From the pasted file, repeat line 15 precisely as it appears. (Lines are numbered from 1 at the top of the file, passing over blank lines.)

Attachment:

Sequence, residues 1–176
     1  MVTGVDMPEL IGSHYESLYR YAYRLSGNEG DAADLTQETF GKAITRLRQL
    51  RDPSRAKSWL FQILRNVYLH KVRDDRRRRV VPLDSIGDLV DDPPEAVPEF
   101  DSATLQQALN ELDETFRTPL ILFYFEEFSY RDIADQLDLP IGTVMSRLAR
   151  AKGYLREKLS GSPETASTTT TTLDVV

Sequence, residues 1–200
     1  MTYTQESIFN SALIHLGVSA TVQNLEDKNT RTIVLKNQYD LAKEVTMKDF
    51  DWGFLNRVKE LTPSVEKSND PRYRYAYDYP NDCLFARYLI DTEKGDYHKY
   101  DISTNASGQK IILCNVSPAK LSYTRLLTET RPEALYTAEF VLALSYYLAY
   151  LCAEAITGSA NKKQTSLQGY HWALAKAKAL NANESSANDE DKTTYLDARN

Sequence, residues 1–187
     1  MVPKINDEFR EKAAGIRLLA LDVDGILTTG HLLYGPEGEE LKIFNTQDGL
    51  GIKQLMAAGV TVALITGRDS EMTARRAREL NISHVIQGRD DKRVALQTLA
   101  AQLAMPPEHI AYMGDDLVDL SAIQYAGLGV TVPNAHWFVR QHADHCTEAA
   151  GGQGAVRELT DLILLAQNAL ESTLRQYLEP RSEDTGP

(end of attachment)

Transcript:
   151  GGQGAVRELT DLILLAQNAL ESTLRQYLEP RSEDTGP